Great White Shark Anatomy

Anatomy of the Great White Shark - The Greatest Predator of the Sea

The anatomy of the great white shark has a crucial role to play when it comes to various survival adaptations of this species. Continue reading for some interesting facts about the anatomy of the great white....
The great white shark boasts of being the apex predator in the marine biome - with its amazing ability to take on anything and everything that comes its way. Killer whale is believed to be the only marine animal that preys on the great white shark, but such instances only qualify for rare occurrences - most often driven by shortage of food.
In a single bite, the great white can rip right through its prey, and take in as much as 30 lbs of flesh. A single bite is enough to cut a seal into two halves. Along with their sharp teeth and strong jaw muscles, the agility of this species and their ability to sense movements also come into play in course of hunting. Studies have revealed that it is the anatomy of the great white which makes it so agile, strong and ferocious, and that's what we will stress on from here.
Great White Shark Anatomy and Physiology
On an average, a male great white shark can grow on to attain a length of 11-13ft. The females in this species - on the other hand, are a bit larger with an average length of 14-16ft. The average weight in this cartilaginous species is believed to range between 1,500-2,400 lbs. The white underside and a gray dorsal area of the great whites show that they resort to counter-shading form of camouflage. This is a unique adaptation in several marine animals wherein the gray dorsal area blends with ocean depths and white underside blends with sunlight thus keeping the animal off the radar of predators and preys alike.
The caudal fin tail of the great white helps it clock unbelievable speeds by facilitating quick acceleration. It has two dorsal fins which add to the hydrodynamics of this species. While the first dorsal fin - which is larger of the two, makes sure that the shark doesn't rollover in course of making its way through the water, the second makes sure that the flow of water over the posterior portion of the shark is smooth. Then there also exist pectoral fins which help the great white maneuver in water, and pelvic fins which help the shark to balance its body.
Jaws and Teeth
It wouldn't be much surprising if the first thing to cross your mind when we talk about the anatomy of the great whites happen to be their jaws. The notoriety that this species has gained over the course of time can be attributed to this very anatomical feature along with the 3000 odd double-sided serrated edged teeth that lie within its mouth. The upper jaw of a great white shark is not fused with the lower jaw as in case of humans, and that makes it possible for this animal to open its mouth wider than one can imagine. The great white grabs its prey by its lower jaw, before protruding its upper jaw and snaps its prey in a flash of lightning.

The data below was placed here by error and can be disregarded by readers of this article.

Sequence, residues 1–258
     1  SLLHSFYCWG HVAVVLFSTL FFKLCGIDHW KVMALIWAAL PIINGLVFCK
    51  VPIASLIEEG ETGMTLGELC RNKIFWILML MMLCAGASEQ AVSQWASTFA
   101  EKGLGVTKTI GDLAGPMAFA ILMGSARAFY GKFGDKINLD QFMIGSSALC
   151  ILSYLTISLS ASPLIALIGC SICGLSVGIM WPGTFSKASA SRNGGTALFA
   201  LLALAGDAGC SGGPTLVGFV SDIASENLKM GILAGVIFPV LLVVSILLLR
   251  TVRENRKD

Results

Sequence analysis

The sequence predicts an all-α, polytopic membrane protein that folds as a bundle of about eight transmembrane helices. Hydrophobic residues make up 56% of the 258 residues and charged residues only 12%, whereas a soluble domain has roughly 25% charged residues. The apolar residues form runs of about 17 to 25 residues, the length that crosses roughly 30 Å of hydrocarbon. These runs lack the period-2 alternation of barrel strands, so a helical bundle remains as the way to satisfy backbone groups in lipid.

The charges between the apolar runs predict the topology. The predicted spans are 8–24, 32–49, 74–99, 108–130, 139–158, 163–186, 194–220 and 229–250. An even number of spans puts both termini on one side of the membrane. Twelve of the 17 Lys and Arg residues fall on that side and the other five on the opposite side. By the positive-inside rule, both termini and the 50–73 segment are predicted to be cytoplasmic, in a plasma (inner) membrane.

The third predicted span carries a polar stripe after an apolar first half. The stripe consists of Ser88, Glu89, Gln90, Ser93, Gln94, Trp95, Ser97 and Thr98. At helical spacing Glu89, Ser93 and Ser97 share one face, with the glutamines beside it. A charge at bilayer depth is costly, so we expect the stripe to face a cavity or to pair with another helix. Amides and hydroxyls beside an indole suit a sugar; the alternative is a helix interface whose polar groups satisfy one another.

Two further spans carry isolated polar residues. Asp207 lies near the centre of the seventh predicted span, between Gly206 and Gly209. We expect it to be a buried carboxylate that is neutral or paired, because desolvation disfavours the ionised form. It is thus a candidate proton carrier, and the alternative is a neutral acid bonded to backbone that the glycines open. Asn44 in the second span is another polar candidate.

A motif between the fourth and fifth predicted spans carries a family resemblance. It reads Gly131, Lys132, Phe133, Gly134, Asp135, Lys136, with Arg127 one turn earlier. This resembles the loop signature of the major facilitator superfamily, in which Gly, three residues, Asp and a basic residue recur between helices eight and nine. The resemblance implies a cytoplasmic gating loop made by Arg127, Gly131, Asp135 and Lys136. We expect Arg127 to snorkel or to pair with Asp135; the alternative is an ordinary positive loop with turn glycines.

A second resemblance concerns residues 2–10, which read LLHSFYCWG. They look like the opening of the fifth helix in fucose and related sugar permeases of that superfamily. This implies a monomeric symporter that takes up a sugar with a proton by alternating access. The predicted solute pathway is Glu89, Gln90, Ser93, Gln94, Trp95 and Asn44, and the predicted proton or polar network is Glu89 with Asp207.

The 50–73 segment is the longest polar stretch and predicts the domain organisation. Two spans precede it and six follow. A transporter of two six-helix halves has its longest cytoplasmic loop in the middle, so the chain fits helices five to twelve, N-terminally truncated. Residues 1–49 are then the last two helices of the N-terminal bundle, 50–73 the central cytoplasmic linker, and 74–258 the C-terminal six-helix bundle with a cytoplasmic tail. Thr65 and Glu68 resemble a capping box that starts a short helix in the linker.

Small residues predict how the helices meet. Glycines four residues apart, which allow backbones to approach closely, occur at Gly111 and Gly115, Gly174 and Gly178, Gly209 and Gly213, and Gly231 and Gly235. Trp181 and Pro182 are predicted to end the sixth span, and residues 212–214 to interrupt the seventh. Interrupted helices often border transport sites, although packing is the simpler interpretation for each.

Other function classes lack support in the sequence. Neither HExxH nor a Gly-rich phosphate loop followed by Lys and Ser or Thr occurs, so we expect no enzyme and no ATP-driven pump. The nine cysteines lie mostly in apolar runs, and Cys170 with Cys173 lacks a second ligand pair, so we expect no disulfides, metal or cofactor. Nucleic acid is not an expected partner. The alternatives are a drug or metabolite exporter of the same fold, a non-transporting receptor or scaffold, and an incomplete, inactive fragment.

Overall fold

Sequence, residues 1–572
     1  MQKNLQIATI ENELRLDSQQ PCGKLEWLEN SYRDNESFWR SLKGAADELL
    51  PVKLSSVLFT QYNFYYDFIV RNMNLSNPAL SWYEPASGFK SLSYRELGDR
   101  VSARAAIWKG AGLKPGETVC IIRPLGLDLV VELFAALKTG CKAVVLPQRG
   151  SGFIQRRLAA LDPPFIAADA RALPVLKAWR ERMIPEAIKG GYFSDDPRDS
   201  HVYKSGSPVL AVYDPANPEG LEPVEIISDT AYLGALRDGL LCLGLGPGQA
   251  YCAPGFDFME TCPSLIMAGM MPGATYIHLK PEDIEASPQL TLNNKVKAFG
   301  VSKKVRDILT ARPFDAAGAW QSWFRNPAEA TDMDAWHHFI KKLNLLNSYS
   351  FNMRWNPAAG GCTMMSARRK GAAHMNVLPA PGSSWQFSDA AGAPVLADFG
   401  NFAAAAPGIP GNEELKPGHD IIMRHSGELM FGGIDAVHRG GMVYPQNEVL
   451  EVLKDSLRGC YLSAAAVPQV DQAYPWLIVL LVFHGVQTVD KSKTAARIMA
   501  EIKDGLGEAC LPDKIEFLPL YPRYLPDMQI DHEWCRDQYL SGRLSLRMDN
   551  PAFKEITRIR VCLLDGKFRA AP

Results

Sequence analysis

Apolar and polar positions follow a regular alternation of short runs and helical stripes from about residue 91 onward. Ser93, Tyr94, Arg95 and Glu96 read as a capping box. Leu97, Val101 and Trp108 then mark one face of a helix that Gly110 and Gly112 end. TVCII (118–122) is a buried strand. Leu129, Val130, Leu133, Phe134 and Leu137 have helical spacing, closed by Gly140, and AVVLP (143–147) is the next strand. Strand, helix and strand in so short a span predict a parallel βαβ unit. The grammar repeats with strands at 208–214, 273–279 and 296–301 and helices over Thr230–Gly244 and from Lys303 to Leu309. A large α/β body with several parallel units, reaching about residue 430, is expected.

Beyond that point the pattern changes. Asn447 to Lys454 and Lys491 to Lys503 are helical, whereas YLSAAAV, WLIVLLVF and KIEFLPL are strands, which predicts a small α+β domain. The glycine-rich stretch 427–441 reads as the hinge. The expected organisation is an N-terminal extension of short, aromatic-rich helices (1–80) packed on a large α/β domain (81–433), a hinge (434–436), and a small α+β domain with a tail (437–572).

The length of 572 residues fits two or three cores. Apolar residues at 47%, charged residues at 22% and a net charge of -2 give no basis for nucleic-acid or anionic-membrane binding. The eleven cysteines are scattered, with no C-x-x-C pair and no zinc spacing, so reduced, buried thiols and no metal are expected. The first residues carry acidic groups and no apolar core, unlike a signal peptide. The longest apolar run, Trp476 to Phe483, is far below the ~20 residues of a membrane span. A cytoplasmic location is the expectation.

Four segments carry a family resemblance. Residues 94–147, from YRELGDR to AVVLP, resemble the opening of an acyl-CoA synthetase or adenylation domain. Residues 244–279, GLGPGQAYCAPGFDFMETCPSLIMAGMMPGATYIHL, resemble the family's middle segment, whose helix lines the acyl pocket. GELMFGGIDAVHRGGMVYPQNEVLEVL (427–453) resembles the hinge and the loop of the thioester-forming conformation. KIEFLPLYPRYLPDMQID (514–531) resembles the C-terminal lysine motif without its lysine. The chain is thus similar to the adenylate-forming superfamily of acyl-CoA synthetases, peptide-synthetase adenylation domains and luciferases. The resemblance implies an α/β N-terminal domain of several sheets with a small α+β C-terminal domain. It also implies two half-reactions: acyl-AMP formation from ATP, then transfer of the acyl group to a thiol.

While the teeth of a great white are sharp enough, the muscles which facilitate the movement of jaw are also very powerful and these anatomical features make it easier for the great white to cut right through a seal as we mentioned before. Their jaws begin developing in the very first month of their life. Their amazing ability to replace a lost tooth within 24 hours is yet another interesting fact about the great white that very few people are aware of.
Sensory Devices
Armed with light-sensing rods and color-sensitive cones, the eyes of a great white shark have a crucial role to play when it comes to hunting in the dark depths of the oceans. These sensory devices help the species see at a distance of up to 50ft with great ease. Similarly, the scent glands on their snout help them trace chemical scents from a distance of quarter mile. The great white can also track electromagnetic fields - which are produced as a result of muscle contraction during locomotion, with a specialized organ referred to as Ampullae of Lorenzini located on their snout. The fluid-filled ears of this species also work as sensory devices for the great white as any vibration in the water in the vicinity, causes ripples in the fluid in their ears and helps them trace the movement in their surroundings.
Internal Anatomy
As we mentioned earlier, the jaws of a great white shark are specially adapted to allow them swallow a prey which is considerably large in size. Similarly, the pharynx and esophagus of a great white are large enough to ensure that the large chunks of flesh that it swallows travels from its mouth to stomach with ease. Furthermore, the stomach of a shark is divided into cardiac stomach and pyloric stomach, and that's important considering that the species don't just feed on marine animals but also feeds on a range of indigestible items dumped into the ocean.
The pyloric stomach acts as a storage compartment for all such indigestible items that it swallows. The liver - which happens to be the largest organ of the shark's body, doesn't just help the species convert food to energy, but is also believed to help it when it comes to buoyancy. A peculiar feature of the male great white shark anatomy is the presence of a pair of erective claspers - intromittent organs specialized to deliver sperm during mating. In great whites, the claspers are located between the pelvic fins.
All these anatomical features of a great white shark don't just help it survive, but also makes it one of the most dreaded creature on the planet. If it were not for the sharp serrated teeth and powerful jaws - which add to its bite force, or the caudal fins and hydrodynamic body shape - which help it accelerate, the great white wouldn't have been an agile hunter that it is considered to be.